Agent2Agent in Holly Hill>Question Details

Jogi Juergen…, Real Estate Pro in Los Angeles, CA

Multiple buyers for the same property - how to handle ?

Asked by Jogi Juergen Gerner, Los Angeles, CA Tue Mar 1, 2011

Agent A and his Client #1 submits 2 offers for less then the asking price. Before accepted, the Broker/Owner of the same company has another buyer, Client #2, for the same house. Since Broker knows about the details of the first offer from Client #1, he informs Agent #1 about this other offer. Agent B / the broker does not disclose the details about the first offer from Client #1 to his Client #2. Then Client #2 also submits an offer with the broker which was not accepted neither. Client #1 is upset and stops working with Agent #1 and his Broker, he goes straight to the listing agent and owner of the home. Listing agent decides on a deadline. Both buyers submit their highest offer and Client #1 win´s as he submits the best offer.
Q1: Can Client #1 just cut his agent and the broker out, just because the broker was competing with another buyer interested in the same home ?
Q2: Should Agent A and his broker be paid their part of the previous agreed commission ?
How to decide

Help the community by answering this question:


Absolutely.. The agent "sold" the house and actually even has written proof of an offer written. In Florida we have a thing called "procuring cause" an clearly the original agent was directly linked to this buyer.

Regardless of the ethical/legal standpoint, the listing agent would be wrong if he tried to not compensate the realtor. Buyers come and go but agents will be working with each other for years to come, why taint your reputation?
0 votes Thank Flag Link Wed Mar 2, 2011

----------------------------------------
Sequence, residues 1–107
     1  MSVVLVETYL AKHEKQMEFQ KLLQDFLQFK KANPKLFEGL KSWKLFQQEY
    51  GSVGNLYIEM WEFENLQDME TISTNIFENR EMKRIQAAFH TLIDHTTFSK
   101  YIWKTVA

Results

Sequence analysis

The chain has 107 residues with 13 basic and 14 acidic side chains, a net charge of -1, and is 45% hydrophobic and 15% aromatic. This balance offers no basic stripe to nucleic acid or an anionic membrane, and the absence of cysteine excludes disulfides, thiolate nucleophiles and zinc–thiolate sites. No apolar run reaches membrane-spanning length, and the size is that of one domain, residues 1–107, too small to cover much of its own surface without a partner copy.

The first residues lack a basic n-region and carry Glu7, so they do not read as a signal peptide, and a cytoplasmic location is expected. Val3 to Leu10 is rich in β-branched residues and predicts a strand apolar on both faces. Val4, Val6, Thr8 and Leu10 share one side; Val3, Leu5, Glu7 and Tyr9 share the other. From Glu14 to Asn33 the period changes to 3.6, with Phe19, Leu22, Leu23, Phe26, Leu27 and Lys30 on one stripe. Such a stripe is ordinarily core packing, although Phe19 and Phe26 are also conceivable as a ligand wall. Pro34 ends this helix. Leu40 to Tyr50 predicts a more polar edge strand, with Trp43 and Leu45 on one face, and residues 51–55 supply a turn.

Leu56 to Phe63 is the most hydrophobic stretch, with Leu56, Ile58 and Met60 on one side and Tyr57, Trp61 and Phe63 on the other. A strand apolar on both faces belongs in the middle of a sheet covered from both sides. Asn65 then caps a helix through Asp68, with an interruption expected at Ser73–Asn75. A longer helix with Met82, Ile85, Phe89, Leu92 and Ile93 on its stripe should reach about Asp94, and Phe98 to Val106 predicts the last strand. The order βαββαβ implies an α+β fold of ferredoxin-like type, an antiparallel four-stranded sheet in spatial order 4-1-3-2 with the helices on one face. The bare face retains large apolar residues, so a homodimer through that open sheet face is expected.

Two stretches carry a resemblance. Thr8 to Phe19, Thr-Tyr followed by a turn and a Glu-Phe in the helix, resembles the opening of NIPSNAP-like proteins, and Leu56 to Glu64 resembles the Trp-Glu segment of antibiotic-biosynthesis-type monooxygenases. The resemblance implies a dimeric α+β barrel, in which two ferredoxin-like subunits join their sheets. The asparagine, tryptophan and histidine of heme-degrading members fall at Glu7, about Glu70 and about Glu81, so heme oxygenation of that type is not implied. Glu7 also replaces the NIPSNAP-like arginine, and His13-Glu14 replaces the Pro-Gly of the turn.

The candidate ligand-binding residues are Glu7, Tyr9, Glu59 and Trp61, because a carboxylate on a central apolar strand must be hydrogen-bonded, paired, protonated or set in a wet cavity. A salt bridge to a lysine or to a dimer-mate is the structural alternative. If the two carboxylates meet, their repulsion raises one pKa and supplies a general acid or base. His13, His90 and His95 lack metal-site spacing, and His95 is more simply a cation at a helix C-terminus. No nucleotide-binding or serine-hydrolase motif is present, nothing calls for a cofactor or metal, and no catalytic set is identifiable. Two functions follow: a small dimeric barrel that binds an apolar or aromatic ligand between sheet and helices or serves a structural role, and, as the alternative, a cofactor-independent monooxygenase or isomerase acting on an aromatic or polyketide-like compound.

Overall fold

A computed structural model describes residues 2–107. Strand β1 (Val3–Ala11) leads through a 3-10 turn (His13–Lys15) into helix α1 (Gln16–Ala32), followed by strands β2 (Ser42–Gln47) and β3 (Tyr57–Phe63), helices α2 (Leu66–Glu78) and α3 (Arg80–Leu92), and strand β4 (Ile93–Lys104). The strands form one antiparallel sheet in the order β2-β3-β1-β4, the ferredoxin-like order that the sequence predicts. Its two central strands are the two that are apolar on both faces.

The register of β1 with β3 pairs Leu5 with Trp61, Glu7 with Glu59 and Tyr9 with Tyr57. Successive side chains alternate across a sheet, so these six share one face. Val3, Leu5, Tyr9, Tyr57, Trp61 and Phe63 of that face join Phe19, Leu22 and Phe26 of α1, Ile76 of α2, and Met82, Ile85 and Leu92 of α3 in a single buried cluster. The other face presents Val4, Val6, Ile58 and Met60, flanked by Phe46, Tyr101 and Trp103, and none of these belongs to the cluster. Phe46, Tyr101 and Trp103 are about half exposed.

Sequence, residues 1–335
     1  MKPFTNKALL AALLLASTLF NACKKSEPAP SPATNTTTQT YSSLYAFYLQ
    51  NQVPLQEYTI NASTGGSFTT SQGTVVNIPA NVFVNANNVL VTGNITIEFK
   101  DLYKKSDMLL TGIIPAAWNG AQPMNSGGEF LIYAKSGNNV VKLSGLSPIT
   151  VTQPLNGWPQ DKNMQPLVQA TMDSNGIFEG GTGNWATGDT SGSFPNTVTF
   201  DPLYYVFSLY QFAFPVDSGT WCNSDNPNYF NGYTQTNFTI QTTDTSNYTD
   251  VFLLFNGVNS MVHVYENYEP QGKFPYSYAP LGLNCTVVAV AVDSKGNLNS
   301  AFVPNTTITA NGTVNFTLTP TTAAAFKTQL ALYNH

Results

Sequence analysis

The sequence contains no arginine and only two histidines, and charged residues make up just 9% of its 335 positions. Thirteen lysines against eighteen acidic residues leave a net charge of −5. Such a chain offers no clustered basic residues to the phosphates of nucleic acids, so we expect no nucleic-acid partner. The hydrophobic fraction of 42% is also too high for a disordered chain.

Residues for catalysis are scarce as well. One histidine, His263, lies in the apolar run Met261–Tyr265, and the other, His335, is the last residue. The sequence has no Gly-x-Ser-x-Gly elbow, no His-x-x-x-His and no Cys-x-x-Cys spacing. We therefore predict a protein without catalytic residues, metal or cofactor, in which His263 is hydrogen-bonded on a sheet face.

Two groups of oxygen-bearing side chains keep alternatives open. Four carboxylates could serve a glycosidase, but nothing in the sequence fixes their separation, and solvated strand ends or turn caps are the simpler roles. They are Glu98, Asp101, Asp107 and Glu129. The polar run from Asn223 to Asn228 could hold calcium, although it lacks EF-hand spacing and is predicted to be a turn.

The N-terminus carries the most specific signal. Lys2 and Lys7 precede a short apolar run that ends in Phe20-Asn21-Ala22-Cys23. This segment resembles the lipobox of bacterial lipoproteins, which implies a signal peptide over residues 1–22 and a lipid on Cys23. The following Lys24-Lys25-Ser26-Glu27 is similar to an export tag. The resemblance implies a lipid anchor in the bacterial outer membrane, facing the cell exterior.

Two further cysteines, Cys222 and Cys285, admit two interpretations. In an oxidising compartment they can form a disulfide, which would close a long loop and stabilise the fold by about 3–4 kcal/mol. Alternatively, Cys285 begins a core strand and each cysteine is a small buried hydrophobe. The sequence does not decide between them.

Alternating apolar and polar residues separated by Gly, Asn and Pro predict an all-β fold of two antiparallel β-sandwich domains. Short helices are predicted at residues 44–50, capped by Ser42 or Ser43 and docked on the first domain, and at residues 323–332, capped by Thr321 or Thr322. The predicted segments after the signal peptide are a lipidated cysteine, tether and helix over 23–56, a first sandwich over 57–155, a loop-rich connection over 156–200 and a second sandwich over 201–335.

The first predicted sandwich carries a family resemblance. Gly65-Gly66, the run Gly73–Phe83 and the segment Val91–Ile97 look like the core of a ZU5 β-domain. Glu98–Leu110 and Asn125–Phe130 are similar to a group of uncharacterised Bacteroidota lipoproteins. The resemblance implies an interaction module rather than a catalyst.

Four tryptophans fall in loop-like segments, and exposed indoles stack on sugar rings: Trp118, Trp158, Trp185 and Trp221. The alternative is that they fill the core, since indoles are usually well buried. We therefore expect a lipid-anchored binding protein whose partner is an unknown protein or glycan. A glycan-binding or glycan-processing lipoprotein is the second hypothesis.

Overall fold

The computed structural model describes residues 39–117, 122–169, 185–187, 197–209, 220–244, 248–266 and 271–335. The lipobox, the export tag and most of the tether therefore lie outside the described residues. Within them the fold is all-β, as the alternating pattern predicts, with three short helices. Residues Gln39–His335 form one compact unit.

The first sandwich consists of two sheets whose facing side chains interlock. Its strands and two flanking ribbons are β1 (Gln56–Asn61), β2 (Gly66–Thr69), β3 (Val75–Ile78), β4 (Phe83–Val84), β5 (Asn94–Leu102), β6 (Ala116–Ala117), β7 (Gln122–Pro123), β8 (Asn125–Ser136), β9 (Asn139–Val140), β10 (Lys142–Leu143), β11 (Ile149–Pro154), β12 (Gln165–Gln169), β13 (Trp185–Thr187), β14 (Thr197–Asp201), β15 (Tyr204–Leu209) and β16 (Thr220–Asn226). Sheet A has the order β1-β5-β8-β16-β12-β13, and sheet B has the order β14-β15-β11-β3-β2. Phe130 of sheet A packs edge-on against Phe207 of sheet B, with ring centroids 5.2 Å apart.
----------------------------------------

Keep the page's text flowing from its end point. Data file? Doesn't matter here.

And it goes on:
Why would Client #1 submit 2 offers? (Line 1)
If Client#1 wins based on the offer, WHO submitted the offer? Did they get another agent, or when they went to the L/A, did the L/A double-end it?

Bottom line - sounds like that agent could have some recourse, but will it be worth it?
1 vote Thank Flag Link Wed Mar 2, 2011
When no rules are in place we use common sense or adopt the ones established and approved from other countries!
0 votes Thank Flag Link Wed Mar 2, 2011

Since you mentioned the whole situation happened in Central America, neither what I wrote may apply. I am sure the country's real estate law or rules (if any) where this happened regulates this type of transaction.
I don't think that since the listing agent is from US he may apply the same rules in the Central America (unless the same rules needs to be followed) where he lists the property, but I can be wrong. Even within US we as agents must go with federal and state laws (state laws may and sometimes varies from state to state). Now you made me curious the outcome of the whole transaction. Seems very interesting.
0 votes Thank Flag Link Wed Mar 2, 2011
Kathy: Client #1 submitted the final offer himself without an agent. He approached listing agent who denied to represent him because of conflict of interest. Client #2 submitted his final offer through the broker.
Listing agent just stated the Client #1 got the house. He does not want to disclose any details of the accepted offer nor the final price.
0 votes Thank Flag Link Wed Mar 2, 2011
Thank you for the comments. Kathy: They initially submitted 2 offers because the first was not accepted, after the second offer was submitted the other buyer appeared.
Alma and Edyta, this happened in Central America where we have not so many laws and rules, so we are excited to see how you in the US would handle it, buyer, seller and listing agent are from the US. By the way, the asking price of the home is US$1.75 Mio. for a nice beach front home.
Yes, procuring cause is the word, thanks again,we really appreciate it, please feel free to comment or ask further.
0 votes Thank Flag Link Wed Mar 2, 2011
Q1-I am afraid that the buyer has the right to do so. Once he realized the situation, he may chose to work with another agent/broker.
Q2-As Alma mentioned, the broker and his agent should be enititled to the commission since they were procuring cause (at least in FL) I don't know California law, so cannot advice if the same may apply in CA
0 votes Thank Flag Link Wed Mar 2, 2011
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